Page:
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    CBI Files Graft Case Against 2 Army Officers For Allegedly Taking Bribes

    The Army had carried out a court of inquiry during which it was found that Rs. 82 lakh were allegedly paid to these two officers by Jai Prakash Singh, a contractor, it said.

    CBI Files Graft Case Against 2 Army Officers For Allegedly Taking Bribes

    Complaint was filed by Brigadier Rajiv Gautam at Army’s 3 Corps headquarters (File)

     

    NEW DELHI: The CBI has filed cases against two Army officers for allegedly taking bribes of over Rs. 82 lakh from a civilian supplier in the procurement of rations for troops posted in Nagaland, officials said on Tuesday.

    The action has been taken on a complaint from Brigadier Rajiv Gautam posted at the headquarters of the Army’s 3 Corps.

    Lt Col Amit Sharma and Lt Col Sutikshan Rana, officers of the Army Service Corps, received bribes worth Rs. 82 lakh between 2012 and 2016 from a supplier of ration, according to the complaint, which also stated that the figure might increase.

    Sharma was commanding officer of the Army Service Corps (Supply) Type ‘C’ at Dimapur from July 27, 2012, to October 15, 2014, while Rana held the position from October 16, 2014, to September 10, 2016.

    The Army had carried out a court of inquiry during which it was found that Rs. 82 lakh were allegedly paid to these two officers by Jai Prakash Singh, a contractor, it said.

    During a seven-month-long preliminary enquiry, the CBI managed to established alleged payments of Rs. 10 lakh and Rs. 3.40 lakh from Singh to Sharma and Rana, respectively, the officials said.

     The payments were made through bank deposits of third parties known or close to the family members of Sharma and Rana, they said.

    Trump orders military to withdraw half of its troops from Afghanistan

    WASHINGTON: The Donald Trump administration on Thursday ordered the withdrawal of 7,000 US troops from Afghanistan, a day after an abrupt announcement to pull out 2,000 troops from Syria.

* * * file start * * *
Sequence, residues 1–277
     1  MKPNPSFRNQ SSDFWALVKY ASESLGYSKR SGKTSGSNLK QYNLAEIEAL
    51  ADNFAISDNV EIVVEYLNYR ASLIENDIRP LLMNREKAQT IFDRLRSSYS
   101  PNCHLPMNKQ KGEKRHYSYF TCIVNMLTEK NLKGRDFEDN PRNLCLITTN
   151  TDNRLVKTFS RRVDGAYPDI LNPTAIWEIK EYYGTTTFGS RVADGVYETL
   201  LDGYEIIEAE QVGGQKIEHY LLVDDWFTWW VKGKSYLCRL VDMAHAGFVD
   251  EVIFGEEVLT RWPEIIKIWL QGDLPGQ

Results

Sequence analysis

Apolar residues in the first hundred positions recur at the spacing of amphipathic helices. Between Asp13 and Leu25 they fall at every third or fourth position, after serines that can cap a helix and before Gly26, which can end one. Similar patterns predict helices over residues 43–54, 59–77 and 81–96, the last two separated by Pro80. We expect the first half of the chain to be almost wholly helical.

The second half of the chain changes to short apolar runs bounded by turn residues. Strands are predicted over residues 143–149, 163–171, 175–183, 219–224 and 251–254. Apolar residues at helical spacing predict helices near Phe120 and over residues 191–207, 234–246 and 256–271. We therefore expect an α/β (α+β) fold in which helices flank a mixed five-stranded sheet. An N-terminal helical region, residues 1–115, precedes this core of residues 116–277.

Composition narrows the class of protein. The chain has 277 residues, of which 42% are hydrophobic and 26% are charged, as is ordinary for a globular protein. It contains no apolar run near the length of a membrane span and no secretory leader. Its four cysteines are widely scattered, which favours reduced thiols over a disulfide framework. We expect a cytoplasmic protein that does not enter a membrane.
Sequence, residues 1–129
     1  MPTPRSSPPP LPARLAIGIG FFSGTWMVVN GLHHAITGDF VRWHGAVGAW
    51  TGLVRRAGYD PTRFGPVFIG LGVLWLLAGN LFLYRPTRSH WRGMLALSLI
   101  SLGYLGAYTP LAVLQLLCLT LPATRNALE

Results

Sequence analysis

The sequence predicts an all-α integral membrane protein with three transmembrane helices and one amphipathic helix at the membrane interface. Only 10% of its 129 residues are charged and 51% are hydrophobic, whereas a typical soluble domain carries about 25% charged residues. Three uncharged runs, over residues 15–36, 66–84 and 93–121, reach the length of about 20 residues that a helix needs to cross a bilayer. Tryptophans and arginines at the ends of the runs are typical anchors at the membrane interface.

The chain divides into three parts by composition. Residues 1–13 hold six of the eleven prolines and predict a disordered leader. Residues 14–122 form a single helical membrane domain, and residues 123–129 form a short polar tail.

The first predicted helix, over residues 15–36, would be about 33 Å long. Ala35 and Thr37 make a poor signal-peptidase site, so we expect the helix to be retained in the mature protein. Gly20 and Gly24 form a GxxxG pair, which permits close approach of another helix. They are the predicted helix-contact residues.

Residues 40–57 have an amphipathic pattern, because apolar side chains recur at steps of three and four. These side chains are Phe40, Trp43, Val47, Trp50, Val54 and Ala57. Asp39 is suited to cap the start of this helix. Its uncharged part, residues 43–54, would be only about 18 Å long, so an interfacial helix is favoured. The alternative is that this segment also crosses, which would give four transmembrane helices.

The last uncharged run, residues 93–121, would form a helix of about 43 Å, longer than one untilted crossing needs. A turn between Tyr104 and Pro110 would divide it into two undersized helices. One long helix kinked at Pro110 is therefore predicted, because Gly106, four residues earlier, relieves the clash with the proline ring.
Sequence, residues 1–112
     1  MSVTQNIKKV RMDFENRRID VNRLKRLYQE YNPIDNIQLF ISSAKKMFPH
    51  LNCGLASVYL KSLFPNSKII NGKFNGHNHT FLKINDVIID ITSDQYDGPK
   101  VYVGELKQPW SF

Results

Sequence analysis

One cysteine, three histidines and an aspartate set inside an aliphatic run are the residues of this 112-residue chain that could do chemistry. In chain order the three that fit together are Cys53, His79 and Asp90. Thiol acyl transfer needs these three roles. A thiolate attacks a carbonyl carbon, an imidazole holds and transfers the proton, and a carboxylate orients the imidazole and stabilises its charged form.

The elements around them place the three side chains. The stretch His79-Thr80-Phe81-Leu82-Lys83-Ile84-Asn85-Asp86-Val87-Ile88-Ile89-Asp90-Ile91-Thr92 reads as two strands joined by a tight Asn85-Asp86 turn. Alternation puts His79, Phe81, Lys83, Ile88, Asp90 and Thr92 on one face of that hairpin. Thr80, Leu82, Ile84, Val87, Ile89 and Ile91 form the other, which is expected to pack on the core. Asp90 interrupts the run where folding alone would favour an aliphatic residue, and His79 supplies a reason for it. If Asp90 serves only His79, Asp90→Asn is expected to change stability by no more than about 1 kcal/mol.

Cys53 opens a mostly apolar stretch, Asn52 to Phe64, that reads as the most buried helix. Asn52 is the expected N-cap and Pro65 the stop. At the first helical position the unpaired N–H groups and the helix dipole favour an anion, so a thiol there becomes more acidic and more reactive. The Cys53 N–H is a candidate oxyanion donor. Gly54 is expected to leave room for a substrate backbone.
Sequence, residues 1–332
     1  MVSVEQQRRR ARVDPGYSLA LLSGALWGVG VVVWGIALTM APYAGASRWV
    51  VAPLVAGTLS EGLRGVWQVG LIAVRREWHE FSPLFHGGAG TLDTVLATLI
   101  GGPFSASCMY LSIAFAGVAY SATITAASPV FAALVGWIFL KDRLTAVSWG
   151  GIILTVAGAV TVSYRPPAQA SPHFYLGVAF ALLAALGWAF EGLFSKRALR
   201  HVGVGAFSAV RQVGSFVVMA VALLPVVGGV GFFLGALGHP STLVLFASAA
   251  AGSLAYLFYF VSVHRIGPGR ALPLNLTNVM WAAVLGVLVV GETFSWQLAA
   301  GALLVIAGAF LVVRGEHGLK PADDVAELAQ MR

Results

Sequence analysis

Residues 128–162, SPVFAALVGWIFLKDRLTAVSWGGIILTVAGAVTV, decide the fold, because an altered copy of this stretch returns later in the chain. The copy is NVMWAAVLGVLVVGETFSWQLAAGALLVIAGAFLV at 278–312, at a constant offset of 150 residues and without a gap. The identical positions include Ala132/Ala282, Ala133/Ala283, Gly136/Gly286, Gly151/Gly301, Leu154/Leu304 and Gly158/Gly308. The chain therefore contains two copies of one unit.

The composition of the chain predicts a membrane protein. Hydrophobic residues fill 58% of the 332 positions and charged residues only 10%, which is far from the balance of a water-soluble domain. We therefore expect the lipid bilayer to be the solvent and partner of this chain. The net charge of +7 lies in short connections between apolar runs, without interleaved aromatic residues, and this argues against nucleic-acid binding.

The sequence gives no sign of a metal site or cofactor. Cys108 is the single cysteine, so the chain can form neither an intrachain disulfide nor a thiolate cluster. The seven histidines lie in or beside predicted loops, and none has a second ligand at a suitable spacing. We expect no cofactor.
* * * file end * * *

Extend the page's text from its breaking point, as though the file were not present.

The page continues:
NYT■ File photo of US Army soldiers overseeing Afghan National Army trainees at Camp Bastion in Afghanistan’s Helmand Province.

    An estimated 7,000 American troops will still remain in Afghanistan after the withdrawal, but only under a cloud of uncertainty given the nature and timing of the US president’s decision – coming just hours after the resignation of defence secretary James Mattis.

    There have been no formal announcements, not even a tweet from the president. But the decision appears to be in line with Trump’s distaste for these military engagements.

    The war in Afghanistan is the longest American military engagement yet, lasting 17 years.

    A spokesman for Afghanistan president Ashraf Ghani said via social media, “If they (US) withdraw from Afghanistan, it will not have a security impact because in the last four and a half years, the Afghans have been in full control.”

    The backlash for Trump at home was unsparing. Senator Lindsey Graham, a close ally of Trump, tweeted, “The conditions in Afghanistan – at the present moment – make American troop withdrawals a highrisk strategy. If we continue on our present course, we are setting in motion the loss of all our gains and paving the way toward a second 9/11.”

    Graham had called the Syrian pull-out a “disaster” and a “stain on the honour of the US”.

    Trump had campaigned against these long wars and had vowed to end them after taking the US presidency. His argument – as he said in a tweet on the Syria pull-out move – was that the US cannot be the policeman of the world and it should not be spending money and spilling American blood fighting wars for others.

    An administration official said, according to The Wall Street Journal, “I think it shows how serious the president is about wanting to come out of conflicts. I think he wants to see viable options about how to bring conflicts to a close.”


    Govt allows agencies to monitor computers, sparks privacy fears

    opppn slams Centre; provision was laid down by UPA govt, says Jaitley
    NEW DELHI: The government and the Opposition on Friday sparred over a notification allowing 10 central agencies, including the Delhi police, rights to snoop into anyone’s computer, with Congress president Rahul Gandhi raising the spectre of a “police state” and finance minister Arun Jaitley and IT minister Ravi Shankar Prasad clarifying that this was merely a repetition of rules passed during the Congress-led United Progressive Alliance (UPA) regime in 2009.

    Jaitley maintained in the Rajya Sabha that “authorised agencies have right under the law to intercept any attempt to subvert national security, defence, public order or integrity of India”, even as Congress president Rahul Gandhi seized the opportunity to target Prime Minister Narendra Modi in his tweet that said, “Converting India into a police state isn’t going to solve your problems, Modi Ji. It’s only going to prove to over 1 billion Indians what an insecure dictator you really are.”

    On Thursday, Union home secretary Rajiv Gauba issued a statutory order authorising 10 “security and intelligence” agencies to lawfully “intercept, monitor and decrypt” information through a “computer resource”. It became the latest bone of contention between the Opposition and the government.